This holiday season, I have been thinking about the things for which I am grateful. Certainly I would include health, family, my job, and our students in my list. But I would include something else as well.
I was lucky enough to be part of the Internet revolution in higher education. In the late eighties and early nineties, I was one of the higher education nerds exploring the possibilities associated with this new global network. While playing with new technology toys, I began to understand how this explosive communication revolution would change higher education. Those changes are best illustrated by distance learning, or the idea that learning is an activity not a location. Betting my career on those changes turned out well for me, and it has also turned out well for the College.
Today, as I look around the higher education landscape, I see another such "change moment" arriving. This time the driver is not technology, but money. For the U.S. to remain the world's dominant economy we must continually find new ways to increase the percentage of our working population that is educated. The aggressive pursuit to grow the number of people who receive higher education is what has driven our country's economic success. For the first time in generations, that percentage is slipping. And it is slipping because the cost of higher education has outstripped family incomes.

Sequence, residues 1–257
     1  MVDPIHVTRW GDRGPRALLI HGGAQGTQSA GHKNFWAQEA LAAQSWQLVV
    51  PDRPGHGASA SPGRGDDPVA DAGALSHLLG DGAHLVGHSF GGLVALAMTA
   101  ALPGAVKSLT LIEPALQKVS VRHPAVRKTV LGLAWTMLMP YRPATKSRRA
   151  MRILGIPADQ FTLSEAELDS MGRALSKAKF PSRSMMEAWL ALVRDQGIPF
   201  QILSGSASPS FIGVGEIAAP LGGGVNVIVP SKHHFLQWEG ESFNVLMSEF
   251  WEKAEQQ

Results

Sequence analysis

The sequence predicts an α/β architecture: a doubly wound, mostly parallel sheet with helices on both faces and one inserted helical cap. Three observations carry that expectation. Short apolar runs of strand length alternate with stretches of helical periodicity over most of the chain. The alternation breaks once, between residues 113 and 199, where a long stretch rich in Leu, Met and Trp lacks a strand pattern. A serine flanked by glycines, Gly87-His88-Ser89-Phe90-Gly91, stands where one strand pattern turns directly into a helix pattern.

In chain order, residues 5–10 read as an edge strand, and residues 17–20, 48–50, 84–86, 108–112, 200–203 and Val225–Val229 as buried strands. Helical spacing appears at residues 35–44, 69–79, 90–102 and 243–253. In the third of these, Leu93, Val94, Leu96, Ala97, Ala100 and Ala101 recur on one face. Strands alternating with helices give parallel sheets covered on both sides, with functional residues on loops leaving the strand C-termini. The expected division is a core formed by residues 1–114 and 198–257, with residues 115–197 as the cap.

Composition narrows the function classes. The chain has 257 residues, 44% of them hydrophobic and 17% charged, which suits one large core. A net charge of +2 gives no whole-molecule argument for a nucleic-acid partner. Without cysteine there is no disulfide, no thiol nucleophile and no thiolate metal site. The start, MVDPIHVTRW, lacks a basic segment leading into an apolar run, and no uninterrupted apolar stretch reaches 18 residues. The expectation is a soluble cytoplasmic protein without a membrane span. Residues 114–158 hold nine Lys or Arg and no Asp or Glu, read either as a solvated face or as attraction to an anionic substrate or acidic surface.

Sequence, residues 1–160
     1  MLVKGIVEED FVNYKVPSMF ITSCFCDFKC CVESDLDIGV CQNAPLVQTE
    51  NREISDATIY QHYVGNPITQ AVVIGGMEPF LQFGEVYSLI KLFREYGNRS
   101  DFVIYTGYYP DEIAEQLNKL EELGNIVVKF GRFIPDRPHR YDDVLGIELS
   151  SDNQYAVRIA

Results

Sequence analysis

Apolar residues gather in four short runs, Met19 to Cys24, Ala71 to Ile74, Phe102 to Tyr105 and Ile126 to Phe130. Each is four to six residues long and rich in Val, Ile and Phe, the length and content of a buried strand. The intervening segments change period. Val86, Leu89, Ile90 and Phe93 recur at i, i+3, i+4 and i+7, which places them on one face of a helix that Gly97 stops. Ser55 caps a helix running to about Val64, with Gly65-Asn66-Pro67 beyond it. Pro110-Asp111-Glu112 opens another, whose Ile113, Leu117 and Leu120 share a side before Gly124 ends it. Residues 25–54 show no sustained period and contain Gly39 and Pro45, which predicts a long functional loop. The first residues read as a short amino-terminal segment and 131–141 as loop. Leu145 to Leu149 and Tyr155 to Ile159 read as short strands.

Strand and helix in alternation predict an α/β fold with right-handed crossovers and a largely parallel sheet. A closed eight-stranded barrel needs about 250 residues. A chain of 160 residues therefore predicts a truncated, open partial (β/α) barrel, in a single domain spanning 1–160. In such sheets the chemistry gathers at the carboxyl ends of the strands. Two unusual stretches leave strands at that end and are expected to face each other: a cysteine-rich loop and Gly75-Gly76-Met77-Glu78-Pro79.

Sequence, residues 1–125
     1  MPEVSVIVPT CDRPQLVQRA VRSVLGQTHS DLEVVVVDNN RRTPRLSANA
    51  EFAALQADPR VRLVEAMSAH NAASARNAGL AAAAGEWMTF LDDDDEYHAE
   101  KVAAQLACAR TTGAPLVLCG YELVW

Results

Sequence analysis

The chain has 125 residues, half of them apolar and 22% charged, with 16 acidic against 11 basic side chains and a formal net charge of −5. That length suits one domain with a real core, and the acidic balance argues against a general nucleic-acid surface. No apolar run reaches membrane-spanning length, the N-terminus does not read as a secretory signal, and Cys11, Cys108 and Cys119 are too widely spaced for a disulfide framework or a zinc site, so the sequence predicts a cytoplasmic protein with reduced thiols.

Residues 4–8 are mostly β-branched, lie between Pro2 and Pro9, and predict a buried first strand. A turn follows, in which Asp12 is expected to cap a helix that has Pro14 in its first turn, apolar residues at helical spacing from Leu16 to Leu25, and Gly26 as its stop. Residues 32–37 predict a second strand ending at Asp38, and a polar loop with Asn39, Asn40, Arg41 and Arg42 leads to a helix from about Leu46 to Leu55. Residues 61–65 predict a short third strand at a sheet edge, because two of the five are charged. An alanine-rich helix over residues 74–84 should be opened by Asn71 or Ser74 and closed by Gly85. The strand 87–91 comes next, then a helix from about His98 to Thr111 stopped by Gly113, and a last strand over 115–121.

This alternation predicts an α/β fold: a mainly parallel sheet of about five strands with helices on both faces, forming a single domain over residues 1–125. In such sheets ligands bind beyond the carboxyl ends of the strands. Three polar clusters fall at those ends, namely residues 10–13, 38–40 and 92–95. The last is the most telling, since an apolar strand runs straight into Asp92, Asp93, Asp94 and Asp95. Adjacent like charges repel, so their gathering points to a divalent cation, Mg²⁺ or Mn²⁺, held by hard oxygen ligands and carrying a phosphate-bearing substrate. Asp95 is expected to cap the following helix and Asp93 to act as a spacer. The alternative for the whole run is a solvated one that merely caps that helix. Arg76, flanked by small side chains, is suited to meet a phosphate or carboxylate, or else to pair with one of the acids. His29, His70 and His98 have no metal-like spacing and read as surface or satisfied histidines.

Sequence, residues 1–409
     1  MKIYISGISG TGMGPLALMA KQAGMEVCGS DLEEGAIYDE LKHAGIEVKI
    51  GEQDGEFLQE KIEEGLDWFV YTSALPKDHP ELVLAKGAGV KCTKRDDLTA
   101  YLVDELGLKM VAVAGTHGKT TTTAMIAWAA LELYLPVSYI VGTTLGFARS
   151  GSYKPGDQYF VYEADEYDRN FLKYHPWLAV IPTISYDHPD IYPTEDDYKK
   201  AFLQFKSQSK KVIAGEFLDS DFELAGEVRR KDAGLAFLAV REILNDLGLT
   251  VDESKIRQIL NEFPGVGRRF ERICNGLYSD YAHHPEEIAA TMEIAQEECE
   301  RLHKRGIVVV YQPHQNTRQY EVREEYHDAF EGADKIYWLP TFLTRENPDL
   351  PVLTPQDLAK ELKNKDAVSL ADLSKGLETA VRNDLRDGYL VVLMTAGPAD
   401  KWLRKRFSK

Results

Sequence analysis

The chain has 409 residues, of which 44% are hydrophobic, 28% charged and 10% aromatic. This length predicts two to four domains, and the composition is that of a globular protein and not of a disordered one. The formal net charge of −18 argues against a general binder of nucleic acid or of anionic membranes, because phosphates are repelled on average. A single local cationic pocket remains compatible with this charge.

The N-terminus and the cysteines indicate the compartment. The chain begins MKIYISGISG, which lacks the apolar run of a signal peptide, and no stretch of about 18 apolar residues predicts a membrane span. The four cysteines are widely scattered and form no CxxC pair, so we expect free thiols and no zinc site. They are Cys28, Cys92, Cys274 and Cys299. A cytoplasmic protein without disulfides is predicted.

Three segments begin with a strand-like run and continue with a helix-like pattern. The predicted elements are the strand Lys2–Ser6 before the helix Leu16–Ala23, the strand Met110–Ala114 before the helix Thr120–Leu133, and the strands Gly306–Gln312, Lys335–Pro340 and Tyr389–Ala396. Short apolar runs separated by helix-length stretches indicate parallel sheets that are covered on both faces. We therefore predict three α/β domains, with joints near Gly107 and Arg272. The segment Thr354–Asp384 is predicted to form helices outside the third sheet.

The solution to this problem is lower cost models of education, and, as I have written about before, Charter Oak's prior learning programs are being re-discovered by the larger educational community. Education that stresses assessment while opening the door to a variety of approaches to learning -- from classrooms to work experiences to military training -- lowers the cost and increases the speed of degree attainment. I can sense that those institutions that understand learning assessment are gaining leverage and will soon gain market share. Traditional higher education cannot "bend the cost curve;" only a new model can do that. I can't believe that I will be alive for two such disruptive education revolutions in a single lifetime. It feels like 1992 all over again.
Charter Oak was created 40 years ago to disrupt traditional higher education (long before Harvard Business School professor Clayton Christensen did the research that gave "disruptive innovation" its name). We are not designed to create sustaining innovations in the dominant model of higher education. We were created and then placed outside traditional higher education in order to be able to invent new approaches that serve underserved or unserved markets. Today it looks like we will be called on to figure out how to do those things at scale, for thousands of students instead of for dozens.
For those of you who have taken advantage of Charter Oak's prior learning assessment programs, I'd like to know about your experience. Please share your thoughts in comments.
So I plan to send my staff off for the holidays with this wish: Have a wonderful holiday season, and then come back to work invigorated and ready to invent the future.